外 イ ど . ・ 一 ん ど 〃 ど ル ど 2 / 耘 4 な 215 have tO posit 2 genetic advantage in lmitatiom though that would certainly help. All that is necessary is that the brain should be c 叩 4 み な 0f imitation: memes will then evolve which exploit the capability to the full. I now close the topic of the new replicators, and end the b00k on a note 0f qualified hope. One unique feature 0f man' which may or may not have evolved memically, is his capacity for con— scious foresight. Selfish genes (and, if you allow the speculation 0f this chapter, memes t00 ) have no foresight. They are uncon— scious, blind, replicators. The fact that they replicate, together with certain further conditions means, willy nilly, that they will tend towards the evolution ofqualities which, in the special sense Of this book, can be called selfish. A simple replicator, whether gene or meme, cannot be expected tO forgo short—term selfish advantage even ifit would really pay it, in thelong term, t0 d0 so. We saw this in the chapter on aggression. Even though a 'consprracy 0f doves would be better for ど 認 朝 な 市 朝 〃 4 / than the evolutionarily stable strategy, natural selection is bound t0 favour the ESS. lt is possible that yet another unique quality 0f man a capacity for genuine, disinterested, true altruism. I hope SO' but I am not gomg tO argue the case one way or the Other' nor tO speculate over its possible mem1C evolution. The point I am making now is that, even if we lOOk on the dark side and assume that individual man is fundamentally selfish, our conscious fore— sight—our capaclty tO simulate the future imagination¯could save us from the worst selfish excesses Of the blind replicators. We have at least the mental equlpment tO foster our long—term selfish interests rather than merely our short—term selfish inter— ests. we can see the long-term benefits Of participating in a conspiracy Of doves', and we can sit down together tO discuss ways 0f making the conspiracy work. We have the power t0 defy the selfish genes 0f our birth and, if necessary, the selfish memes Of our indoctrination. we can even discuss ways Of deliberately cultivating and nurturing pure, disinterested altruism¯ something that has no place in nature, something that has never existed before in the whole history 0f the world. We are built as gene machines and cultured as meme machines, but we have the power tO turn against our creators. alone on can against the tyranny 0f the selfish replicators.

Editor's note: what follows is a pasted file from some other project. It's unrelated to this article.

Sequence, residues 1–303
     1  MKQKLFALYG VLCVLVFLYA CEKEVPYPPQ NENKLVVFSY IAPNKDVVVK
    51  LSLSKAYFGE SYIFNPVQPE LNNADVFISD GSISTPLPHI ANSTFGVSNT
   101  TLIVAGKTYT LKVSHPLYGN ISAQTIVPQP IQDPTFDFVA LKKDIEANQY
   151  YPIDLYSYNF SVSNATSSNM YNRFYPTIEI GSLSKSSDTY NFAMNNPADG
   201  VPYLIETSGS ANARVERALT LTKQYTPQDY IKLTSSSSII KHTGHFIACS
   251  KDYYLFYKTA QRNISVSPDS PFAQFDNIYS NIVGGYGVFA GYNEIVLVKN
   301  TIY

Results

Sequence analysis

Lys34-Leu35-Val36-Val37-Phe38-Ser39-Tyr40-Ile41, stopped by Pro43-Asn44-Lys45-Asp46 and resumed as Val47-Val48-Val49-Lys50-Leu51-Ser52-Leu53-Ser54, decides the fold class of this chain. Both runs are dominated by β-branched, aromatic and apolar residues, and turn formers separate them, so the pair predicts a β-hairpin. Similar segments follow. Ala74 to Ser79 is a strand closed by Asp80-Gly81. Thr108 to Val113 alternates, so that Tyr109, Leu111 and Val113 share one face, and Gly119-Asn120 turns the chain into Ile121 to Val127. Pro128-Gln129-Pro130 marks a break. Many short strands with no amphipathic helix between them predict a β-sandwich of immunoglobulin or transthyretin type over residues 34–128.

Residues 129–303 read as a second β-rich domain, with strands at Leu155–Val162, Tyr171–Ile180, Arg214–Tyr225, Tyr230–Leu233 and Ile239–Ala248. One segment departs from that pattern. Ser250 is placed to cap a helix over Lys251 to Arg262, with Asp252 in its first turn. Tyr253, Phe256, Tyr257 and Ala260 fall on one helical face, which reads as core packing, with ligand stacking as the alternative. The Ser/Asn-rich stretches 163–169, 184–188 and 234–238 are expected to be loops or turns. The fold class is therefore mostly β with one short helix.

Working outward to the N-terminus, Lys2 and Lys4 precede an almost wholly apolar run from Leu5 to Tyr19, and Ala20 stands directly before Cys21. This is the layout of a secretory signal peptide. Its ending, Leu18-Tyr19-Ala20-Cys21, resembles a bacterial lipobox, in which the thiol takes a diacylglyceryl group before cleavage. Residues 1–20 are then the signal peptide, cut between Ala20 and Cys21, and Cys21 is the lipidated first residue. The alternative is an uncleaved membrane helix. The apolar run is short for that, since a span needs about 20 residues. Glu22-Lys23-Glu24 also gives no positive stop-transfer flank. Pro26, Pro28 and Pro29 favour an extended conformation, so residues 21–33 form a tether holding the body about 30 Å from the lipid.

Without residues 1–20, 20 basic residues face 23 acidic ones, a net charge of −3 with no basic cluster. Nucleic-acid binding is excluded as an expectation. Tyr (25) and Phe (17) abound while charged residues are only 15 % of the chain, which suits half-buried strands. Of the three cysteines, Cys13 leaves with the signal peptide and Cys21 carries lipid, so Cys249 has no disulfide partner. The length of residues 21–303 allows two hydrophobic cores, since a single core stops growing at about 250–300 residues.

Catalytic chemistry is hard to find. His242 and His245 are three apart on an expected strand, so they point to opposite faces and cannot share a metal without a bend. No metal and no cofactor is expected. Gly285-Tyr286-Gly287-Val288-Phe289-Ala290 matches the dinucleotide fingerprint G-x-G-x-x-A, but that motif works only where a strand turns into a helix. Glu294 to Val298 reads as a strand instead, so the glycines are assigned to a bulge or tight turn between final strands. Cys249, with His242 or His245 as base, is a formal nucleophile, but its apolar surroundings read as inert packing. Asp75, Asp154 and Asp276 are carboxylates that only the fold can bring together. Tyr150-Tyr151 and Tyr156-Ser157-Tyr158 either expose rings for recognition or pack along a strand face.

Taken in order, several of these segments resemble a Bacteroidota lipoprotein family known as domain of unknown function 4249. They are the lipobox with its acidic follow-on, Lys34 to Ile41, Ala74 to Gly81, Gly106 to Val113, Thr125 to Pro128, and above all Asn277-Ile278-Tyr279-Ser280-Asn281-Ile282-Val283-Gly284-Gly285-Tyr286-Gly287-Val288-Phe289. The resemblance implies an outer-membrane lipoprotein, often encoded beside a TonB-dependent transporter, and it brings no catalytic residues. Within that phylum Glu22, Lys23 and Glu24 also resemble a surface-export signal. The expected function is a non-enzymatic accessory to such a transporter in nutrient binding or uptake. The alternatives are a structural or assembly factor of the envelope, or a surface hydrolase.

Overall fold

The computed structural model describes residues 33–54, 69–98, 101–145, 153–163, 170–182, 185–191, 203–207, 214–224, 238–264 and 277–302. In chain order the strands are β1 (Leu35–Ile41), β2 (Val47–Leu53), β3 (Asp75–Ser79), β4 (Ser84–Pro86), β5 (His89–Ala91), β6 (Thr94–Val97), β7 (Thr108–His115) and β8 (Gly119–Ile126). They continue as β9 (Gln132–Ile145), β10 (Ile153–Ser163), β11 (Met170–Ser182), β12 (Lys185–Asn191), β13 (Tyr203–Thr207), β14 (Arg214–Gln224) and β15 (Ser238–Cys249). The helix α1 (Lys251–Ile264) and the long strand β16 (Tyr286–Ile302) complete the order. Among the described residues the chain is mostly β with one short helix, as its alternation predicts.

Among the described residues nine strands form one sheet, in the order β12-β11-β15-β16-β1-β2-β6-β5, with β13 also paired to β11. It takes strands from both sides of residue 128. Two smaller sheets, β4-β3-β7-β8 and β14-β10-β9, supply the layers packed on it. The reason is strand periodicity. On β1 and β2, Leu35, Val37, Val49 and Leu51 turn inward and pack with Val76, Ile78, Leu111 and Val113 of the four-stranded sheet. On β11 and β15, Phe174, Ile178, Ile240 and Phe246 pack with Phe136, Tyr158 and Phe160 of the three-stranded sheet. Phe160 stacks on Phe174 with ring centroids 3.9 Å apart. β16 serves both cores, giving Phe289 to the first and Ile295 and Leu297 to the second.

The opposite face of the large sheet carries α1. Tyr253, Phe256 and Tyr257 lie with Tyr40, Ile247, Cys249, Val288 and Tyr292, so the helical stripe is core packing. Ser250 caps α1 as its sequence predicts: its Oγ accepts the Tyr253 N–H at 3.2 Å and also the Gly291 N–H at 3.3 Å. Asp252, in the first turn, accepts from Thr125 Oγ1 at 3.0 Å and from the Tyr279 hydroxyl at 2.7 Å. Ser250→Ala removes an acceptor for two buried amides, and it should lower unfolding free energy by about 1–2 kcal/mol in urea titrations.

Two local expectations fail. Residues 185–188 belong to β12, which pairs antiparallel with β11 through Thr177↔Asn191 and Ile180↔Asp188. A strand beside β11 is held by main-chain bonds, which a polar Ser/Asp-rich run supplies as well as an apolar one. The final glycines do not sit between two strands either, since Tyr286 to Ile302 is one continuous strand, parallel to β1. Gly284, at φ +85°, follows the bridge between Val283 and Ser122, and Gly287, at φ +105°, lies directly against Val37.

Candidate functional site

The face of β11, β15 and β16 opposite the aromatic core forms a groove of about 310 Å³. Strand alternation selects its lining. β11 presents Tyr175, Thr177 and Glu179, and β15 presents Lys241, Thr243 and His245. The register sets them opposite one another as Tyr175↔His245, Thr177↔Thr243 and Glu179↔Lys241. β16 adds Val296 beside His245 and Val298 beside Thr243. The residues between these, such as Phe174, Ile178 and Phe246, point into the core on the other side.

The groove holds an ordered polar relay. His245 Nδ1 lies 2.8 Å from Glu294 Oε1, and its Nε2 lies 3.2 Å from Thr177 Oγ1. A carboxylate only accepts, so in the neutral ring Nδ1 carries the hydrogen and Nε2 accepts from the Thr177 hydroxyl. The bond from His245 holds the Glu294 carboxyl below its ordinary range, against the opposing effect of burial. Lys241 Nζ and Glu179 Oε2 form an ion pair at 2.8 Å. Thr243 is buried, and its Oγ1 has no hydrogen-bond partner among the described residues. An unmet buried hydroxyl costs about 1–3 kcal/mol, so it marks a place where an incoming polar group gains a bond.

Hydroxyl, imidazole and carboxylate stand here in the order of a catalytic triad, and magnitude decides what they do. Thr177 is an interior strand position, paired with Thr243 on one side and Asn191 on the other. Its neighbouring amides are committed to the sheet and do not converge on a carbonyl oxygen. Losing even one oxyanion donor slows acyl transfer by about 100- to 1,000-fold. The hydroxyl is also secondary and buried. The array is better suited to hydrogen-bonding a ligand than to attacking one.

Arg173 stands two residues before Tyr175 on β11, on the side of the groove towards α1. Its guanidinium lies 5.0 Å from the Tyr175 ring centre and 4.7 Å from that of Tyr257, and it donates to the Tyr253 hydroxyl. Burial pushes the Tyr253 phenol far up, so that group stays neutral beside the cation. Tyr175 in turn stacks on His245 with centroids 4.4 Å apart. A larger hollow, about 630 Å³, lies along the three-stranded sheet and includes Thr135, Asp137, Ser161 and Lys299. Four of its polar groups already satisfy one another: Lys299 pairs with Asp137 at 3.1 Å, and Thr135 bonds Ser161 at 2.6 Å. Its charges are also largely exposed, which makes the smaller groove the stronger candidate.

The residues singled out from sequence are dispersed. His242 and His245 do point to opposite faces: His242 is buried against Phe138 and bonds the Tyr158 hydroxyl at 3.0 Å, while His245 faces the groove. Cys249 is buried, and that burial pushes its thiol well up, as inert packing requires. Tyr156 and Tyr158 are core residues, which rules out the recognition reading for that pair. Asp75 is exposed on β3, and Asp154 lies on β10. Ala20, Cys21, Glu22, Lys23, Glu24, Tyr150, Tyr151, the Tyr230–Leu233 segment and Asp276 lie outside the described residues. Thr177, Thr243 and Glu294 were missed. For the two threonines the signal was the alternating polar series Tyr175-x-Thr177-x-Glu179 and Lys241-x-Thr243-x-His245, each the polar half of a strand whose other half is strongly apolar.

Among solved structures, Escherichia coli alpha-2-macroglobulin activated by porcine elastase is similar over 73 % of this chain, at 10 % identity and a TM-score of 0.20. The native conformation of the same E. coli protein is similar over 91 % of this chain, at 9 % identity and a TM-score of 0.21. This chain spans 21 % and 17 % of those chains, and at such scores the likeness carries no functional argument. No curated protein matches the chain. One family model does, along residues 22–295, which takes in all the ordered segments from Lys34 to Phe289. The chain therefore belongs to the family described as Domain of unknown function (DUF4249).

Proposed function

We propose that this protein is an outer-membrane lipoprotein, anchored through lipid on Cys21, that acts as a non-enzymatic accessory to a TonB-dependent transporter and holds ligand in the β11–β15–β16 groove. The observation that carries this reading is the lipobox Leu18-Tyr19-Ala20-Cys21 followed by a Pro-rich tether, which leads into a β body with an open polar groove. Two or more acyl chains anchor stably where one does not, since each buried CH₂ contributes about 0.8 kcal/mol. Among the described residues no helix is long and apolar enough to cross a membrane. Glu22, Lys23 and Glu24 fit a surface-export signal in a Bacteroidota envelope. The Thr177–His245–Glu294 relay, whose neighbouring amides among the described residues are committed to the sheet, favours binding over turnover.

6. Genesmanship WHAT is the selfish gene? lt is not Just one single physical bit of DNA. Just as in the primeval soup, it is 4 ″ が な 廰 of a particular bit of DNA, distributed throughout the world. If we allow our- selves the licence 0f talking about genes as if they had consclous always reassurmg ourselves that we could translate our sloppy language back int0 respectable terms if we wanted t0, we can ask the question, what is a single selfish gene trying to do? lt is trying tO get more numerous in the gene POOI. Basically it does this by helping to program the bodies in which it finds itself to survrve and tO reproduce. But now we are emphasizing that 'it' iS a distributed agency, exlsting in many different individuals at once. The key point of this chapter is that a gene might be able to assist r ど 2 〃 Of itself which are sitting in Other bOdies. If SO, this would appear as individual altruism but it would be brought about by gene selfishness. Consider the gene for being an albino in man. ln fact several genes exist which can give rrse tO albinism, but I am talking about just one Of them. lt is recesslve; that is, it has tO be present ln double dose in order for the person to be an albino. This is true Of about I in 20 000 Of us. But it is also present, in single dose, ln about I in 70 Of us, and these individuals are not albinos. Since it is distributed in many individuals, a gene such as the albino gene could, in theory, assist its own survival in the gene POOI by programrmng its bOdies tO behave altruistically towards Other albino bOdies, S1nce these are known tO contain the same gene. The albino gene should be quite happy if some of the bodies which it inhabits die, provided that in doing so they help other bodies containing the same gene tO survive. If the albino gene could make one Of its bOdies save the lives Of ten albino bodies, then even the death of the altruist is amply compensated by the lncreased numbers Of albino genes in the gene POOI. ShouId we then expect albinos to be especially nice to each